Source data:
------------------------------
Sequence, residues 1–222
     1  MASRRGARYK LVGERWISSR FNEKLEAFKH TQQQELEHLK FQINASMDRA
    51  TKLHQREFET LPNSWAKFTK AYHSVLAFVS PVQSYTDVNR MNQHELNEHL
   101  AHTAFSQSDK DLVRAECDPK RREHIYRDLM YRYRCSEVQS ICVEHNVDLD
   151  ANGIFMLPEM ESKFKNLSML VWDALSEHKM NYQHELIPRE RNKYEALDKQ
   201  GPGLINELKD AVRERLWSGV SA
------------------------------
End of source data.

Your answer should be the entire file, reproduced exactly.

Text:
Sequence, residues 1–222
     1  MASRRGARYK LVGERWISSR FNEKLEAFKH TQQQELEHLK FQINASMDRA
    51  TKLHQREFET LPNSWAKFTK AYHSVLAFVS PVQSYTDVNR MNQHELNEHL
   101  AHTAFSQSDK DLVRAECDPK RREHIYRDLM YRYRCSEVQS ICVEHNVDLD
   151  ANGIFMLPEM ESKFKNLSML VWDALSEHKM NYQHELIPRE RNKYEALDKQ
   201  GPGLINELKD AVRERLWSGV SA